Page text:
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You are here: Home / The European environment – state and outlook 2010 / Country assessments / Latvia / Freshwater - Drivers and pressures (Latvia)

Freshwater - Drivers and pressures (Latvia)

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SOER Common environmental theme from Latvia
Published: 26 Nov 2010 Modified: 08 Apr 2011

Water quantity:

Pressures on freshwater quantity

  • The total amount of water abstraction has decreased; the consumption of surface and groundwater has stabilised in recent years
  • The amount of abstracted surface water has decreased
  • The amount of abstracted groundwater has not changed significantly.
  Water5_freshw_resources

 

Figure 5: Freshwater resources and use

Source: Latvian Environment, Geology and Meteorology Centre

 

Water6_Groundw_res


Figure 6: Groundwater resources and use

Source: Latvian Environment, Geology and Meteorology Centre

 

The total amount of water abstraction is falling. Since 1991, abstraction of both ground and surface water has decreased twofold. This trend is explained by the stabilisation of industrial activity following a significant drop in production in the 1990s. It has also been boosted by the modernisation and reconstruction of water management systems in cities and small towns and the installation of water meters which motivate water-saving practices in industry and in households. In 2007, 46 % of water consumption was for municipal use; 26 % for agriculture and 18 % for industry.

Water7_consumption

Figure 7: Water consumption in economic sectors

Source: Latvian Environment, Geology and Meteorology Centre

 

Traditionally, groundwater is the main source of the drinking water supply, both in rural areas and in cities, but problems arise due to the uneven distribution of resources and consumers. Furthermore, increased natural content of iron, manganese, sulphates and other elements at certain locations results in poor-quality drinking water. Surface water is only used in Riga for the drinking water supply.

Water quality:

Pressures on freshwater quality

  • The total amount of wastewater discharge from point sources is not increasing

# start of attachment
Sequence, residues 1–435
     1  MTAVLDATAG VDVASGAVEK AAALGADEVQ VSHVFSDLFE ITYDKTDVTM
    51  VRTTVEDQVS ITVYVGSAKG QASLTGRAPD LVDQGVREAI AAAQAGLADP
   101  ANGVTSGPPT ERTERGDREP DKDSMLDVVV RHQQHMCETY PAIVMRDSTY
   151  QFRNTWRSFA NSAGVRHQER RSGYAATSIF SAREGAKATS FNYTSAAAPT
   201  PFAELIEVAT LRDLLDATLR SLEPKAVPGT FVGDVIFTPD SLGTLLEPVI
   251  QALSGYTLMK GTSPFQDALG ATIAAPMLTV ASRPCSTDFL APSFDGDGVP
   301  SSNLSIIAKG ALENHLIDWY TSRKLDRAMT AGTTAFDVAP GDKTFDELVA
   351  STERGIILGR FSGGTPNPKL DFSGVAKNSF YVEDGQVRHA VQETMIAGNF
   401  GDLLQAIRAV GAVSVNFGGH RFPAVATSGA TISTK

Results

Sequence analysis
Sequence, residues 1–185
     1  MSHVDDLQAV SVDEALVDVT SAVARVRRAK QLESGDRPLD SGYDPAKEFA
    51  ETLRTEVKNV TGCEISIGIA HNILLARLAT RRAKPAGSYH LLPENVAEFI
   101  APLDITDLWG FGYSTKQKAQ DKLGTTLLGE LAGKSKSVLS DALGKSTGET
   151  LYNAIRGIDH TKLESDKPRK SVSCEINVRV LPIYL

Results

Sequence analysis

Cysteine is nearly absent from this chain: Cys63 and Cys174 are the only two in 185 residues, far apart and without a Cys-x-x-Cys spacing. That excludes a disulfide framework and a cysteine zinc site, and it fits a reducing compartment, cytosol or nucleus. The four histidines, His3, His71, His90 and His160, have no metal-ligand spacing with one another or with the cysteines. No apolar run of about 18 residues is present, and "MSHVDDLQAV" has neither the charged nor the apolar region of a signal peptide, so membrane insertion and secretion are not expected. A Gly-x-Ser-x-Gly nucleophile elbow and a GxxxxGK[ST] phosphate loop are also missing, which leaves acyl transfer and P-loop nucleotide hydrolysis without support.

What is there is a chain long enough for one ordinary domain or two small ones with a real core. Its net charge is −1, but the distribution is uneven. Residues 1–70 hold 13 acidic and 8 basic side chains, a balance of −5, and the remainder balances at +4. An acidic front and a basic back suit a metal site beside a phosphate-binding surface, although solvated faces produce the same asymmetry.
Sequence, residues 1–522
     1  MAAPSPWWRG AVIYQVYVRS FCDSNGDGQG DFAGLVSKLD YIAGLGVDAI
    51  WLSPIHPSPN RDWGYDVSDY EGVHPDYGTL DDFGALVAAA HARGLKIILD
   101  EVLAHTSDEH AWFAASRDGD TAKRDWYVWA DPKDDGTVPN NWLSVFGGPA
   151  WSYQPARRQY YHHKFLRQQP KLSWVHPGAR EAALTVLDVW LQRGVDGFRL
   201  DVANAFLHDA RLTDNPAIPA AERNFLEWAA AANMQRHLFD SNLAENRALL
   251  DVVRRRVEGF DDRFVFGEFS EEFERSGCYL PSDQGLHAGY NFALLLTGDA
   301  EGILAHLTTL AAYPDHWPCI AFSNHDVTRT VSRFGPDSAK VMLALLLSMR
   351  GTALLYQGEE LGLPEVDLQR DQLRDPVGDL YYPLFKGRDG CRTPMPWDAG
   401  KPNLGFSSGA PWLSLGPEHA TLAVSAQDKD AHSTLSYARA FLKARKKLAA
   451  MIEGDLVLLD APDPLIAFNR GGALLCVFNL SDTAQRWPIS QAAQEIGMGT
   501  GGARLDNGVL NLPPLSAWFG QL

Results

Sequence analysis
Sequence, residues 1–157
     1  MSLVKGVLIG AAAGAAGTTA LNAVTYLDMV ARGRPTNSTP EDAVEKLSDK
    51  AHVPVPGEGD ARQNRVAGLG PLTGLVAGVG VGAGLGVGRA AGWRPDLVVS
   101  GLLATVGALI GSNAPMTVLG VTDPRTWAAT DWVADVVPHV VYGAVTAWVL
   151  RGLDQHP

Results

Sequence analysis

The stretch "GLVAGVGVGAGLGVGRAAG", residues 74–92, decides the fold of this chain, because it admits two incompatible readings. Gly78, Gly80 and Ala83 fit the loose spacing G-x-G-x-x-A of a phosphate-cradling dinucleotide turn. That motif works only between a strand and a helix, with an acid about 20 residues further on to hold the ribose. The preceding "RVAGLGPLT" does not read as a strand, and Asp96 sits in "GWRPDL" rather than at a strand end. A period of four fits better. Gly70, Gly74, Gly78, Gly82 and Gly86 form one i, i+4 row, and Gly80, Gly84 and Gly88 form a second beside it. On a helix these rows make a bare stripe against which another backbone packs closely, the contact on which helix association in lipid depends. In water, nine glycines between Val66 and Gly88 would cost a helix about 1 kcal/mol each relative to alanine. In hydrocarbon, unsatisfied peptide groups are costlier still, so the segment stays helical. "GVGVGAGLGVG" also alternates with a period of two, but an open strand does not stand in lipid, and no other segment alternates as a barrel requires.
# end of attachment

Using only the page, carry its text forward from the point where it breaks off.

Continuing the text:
• The total amount of nitrogen discharged in surface water together with waste water is not increasing
  • The total amount of phosphorus discharged in surface water together with waste water is decreasing

 

Between 1991 and 2000, the total amount of waste water discharge decreased drastically. After 2000, the total waste water discharge stabilised and is now around 200 million m3 annually. Recent trends indicate that the proportions of untreated waste water and treated waste water that do not comply with the designated treatment standard are decreasing.

 CSI 024 Urban waste water treatment


water8_WWdisch

Figure 8: Total wastewater discharge, 1991– 2007

Source: Latvian Environment, Geology and Meteorology Centre

 

Water9_WWTP_number

Figure 9: Number of wastewater treatment plants, 2000–2007

Source: Latvian Environment, Geology and Meteorology Centre

 

The positive developments in waste water treatment have been brought about by the need for Latvia to meet its obligations under EU Directive 91/271/EEC on urban waste water treatment. These include: the treatment of collected waste water before discharge and improvement of waste water treatment technology in all agglomerations with a population equivalent of over 2 000. Following its accession to the EU, Latvia had three transitional periods during which to meet the obligations of EU Directive 91/271/EEC on urban waste water treatment:

(i)      for agglomerations with a population equivalent of less than 100 000: until 31 December 2008 (two agglomerations);

(ii)    for agglomerations with a population equivalent of 10 000–100 000: until 31 December 2011 (24 agglomerations);

(iii)    for agglomerations with a population equivalent of 2 000–10 000: until 31 December 2015 (62 agglomerations).

The national programme Development of water service infrastructure in agglomerations with a population equivalent below 2000 has made a significant contribution to the renovation and reconstruction of waste water treatment plants and centralised sewage collection systems in small towns. At the end of 2008, projects completed within the framework of this programme provided compliant waste water treatment in 101 populated areas.

 

Nutrient load from point sources

Water10_disch_point

Figure 10: Total nitrogen and phosphorus discharge from point sources

Source: Latvian Environment, Geology and Meteorology Centre

 

Since 2000, total nitrogen discharge has been comparatively stable, with no tendency to increase. Meanwhile, the total phosphorus load from point sources continues to decrease. It appears that diffuse pollution sources are having an increasing impact on freshwater quality and climate change is a significant contributing factor in this process.

 

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